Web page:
Scientific Research and Facilities
Some of the earliest scientific studies were the palaeontological excavations in1947-49. Stratigraphic and palaeontological studies were carried out by the Tunisian National Bureau of Mines. Research on Lake Ichkeul was done by the University of Tunis, the Institut National Scientifique et Technique d'Océanographie et de Pêche, Tunis (INSTOP) and University College London. A program of waterfowl observations by University College London with IWRB, Slimbridge and the Tour de Valat CNRS Biological Station, Camargue, France, has run since 1963. These consultants recommended a series of measures to manage the lake's water regimen. Research facilities in the park opened at the eco-museum in the 1990. The Ramsar Convention Bureau sent out Advisory Missions in 1988,1989 and 2000.
Garaet Ichkeul is the last of a chain of lakes which used to extend across the north African littoral and one of the four most important remaining wetlands in the western [[Mediterranean Basin|Mediterranean. The national park was created to safeguard this wetland with its diversity of terrestrial and aquatic ecosystems. The lake and marshes are of particular importance for the extremely high numbers of wintering Palaearctic waterfowl which still totaled over 90,000 in 1999/2000 and included globally threatened species. The park also protects important fossil mammal deposits and is scenically beautiful. Decreasing the freshwater supply will eventually convert it into a seawater lagoon.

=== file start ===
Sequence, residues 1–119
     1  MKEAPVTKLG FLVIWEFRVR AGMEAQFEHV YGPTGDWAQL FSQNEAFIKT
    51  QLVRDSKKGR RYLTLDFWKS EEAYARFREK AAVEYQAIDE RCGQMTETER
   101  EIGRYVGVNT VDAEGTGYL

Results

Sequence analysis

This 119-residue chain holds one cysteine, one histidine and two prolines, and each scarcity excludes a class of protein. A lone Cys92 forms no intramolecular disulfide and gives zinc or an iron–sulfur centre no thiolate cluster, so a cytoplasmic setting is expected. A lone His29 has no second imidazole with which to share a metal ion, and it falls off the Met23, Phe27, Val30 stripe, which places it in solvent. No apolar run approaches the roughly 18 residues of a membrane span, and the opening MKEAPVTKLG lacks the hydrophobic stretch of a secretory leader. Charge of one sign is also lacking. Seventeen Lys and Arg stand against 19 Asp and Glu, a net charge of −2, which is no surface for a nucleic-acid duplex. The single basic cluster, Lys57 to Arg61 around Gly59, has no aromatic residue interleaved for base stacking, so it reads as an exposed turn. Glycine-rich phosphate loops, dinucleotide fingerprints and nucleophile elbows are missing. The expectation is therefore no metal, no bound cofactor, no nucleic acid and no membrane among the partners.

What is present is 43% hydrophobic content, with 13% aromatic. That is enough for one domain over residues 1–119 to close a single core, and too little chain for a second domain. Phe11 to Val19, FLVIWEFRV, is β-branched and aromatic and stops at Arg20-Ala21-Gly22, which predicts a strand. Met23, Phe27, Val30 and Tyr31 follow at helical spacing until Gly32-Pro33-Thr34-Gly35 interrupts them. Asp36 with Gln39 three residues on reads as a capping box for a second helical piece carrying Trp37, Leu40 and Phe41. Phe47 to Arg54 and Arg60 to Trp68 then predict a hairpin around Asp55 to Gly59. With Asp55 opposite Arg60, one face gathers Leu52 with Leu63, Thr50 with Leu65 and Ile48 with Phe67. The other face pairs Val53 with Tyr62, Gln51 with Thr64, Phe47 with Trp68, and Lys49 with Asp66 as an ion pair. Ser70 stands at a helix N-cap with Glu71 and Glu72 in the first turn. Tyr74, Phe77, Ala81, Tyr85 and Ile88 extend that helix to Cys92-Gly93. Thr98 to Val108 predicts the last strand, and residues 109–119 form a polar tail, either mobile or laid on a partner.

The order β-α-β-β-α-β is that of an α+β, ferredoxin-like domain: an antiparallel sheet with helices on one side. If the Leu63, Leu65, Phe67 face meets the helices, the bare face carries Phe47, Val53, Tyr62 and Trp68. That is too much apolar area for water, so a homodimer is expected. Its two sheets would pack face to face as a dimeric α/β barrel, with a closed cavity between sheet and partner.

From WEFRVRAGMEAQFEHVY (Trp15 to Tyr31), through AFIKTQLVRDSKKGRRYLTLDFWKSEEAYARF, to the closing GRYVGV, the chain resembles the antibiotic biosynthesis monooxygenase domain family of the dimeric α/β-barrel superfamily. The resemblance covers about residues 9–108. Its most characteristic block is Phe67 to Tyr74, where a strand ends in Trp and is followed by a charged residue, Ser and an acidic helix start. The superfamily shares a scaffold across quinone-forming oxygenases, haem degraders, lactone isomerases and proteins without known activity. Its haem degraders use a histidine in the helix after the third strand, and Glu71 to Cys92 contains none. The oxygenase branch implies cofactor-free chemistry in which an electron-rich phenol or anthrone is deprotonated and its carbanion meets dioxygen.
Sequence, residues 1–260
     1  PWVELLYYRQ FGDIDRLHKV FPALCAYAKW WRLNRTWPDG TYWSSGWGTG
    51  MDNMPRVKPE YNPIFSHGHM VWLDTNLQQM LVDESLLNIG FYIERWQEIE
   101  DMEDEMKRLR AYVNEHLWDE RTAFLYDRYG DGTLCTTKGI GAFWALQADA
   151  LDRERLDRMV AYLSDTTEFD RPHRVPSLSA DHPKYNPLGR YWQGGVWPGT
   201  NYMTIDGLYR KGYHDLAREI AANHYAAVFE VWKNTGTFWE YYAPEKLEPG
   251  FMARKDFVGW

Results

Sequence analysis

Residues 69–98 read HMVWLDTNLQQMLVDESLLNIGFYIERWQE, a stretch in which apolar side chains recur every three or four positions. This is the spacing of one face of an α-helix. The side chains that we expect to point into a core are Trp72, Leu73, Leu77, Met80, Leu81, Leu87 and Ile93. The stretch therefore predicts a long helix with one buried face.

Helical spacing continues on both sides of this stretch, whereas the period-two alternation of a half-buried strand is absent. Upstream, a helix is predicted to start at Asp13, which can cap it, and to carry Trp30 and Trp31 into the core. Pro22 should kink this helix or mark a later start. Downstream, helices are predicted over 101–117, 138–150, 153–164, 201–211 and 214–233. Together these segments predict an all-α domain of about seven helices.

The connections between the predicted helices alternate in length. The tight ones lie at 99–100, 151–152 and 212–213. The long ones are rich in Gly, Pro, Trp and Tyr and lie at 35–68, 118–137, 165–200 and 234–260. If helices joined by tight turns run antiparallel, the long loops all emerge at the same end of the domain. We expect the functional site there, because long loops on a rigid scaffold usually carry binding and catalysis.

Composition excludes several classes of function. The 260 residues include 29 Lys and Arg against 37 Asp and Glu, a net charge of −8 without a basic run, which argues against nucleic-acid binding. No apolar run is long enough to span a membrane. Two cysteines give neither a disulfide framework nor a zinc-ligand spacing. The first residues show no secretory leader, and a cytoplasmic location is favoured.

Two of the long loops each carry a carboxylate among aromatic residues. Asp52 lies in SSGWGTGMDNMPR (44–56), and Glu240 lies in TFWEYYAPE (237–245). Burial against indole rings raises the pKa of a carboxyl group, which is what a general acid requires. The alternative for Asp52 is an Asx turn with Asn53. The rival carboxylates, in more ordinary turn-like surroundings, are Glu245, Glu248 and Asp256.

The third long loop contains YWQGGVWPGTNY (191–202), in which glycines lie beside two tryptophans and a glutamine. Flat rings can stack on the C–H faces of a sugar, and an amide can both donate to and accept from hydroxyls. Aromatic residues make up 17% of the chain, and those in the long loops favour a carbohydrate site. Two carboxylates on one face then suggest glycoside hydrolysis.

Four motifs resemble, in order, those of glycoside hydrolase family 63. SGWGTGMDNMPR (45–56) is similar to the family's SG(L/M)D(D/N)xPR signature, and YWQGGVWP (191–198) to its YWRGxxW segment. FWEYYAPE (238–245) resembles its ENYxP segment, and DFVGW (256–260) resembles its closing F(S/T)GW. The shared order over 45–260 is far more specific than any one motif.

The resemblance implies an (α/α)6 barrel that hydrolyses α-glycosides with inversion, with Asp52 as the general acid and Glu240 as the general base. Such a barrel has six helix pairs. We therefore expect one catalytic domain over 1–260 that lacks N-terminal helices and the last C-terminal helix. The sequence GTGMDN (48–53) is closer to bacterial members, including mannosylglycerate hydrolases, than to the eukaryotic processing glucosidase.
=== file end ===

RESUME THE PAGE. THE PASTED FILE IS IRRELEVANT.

A management plan developed in 1977 was incorporated into the National Park statutes. The most important objectives were to control the water level and salinity of the lake and to maintain and develop the pondweed Potamogeton, the major food source for wintering and migrating waterfowl. The EEC and the French Ministry of the Environment, funded a management study between 1982 and 1985 by University College, London, the IWRB, the Tour du Valat station and consultant engineers SOGREAH to counter the effects of dams and canalizing on the lake and marshland. This initiated designs for a sluice on Oued Tindja to control water salinity by restricting seawater entry and containing the loss of freshwater which was built by 1996. It condemned the dredging and embankment of the Joumine and Malah canals which dry out the marshes, encourage halophyte growth and access by poachers, and recommended a visitor center and cleaning up pollution from the hammams.
In 1996 the Tunisian Ministry of the Environment commissioned a report on measures to reverse the degradation; some have been taken. Three smaller proposed dams have been canceled for the time being, water from existing dams is to be released to the lake and a pumped supply from Sidi El-Barrak dam (127 km west) may be made available but the necessary pumping station had not been built by 2002. The quarries are to be closed and water treatment plants installed for nearby towns. Government action is to include agreement among the six departments responsible for making decisions about the area of the Park, for water supply, rural engineering, fishing, grazing and agriculture, forestry, local populations and environmental planning. The canals were to be filled in and the marsh restored. A scientific committee from all the researchers studying the park was to be convened. Monitoring of the water, lake siltation, flora and bird species were to be continued and the analysed information made available to decision-makers. A government report of 2001 summarizing measures for the lake's protection was taken by the IUCN as the basis for establishing the appropriate conditions for annual monitoring and rehabilitation, for which funding was requested; and in 2003 the Tunisian government asked the IUCN and the Centre for Mediterranean Cooperation for help in restoring the lake with funding from UNESCO.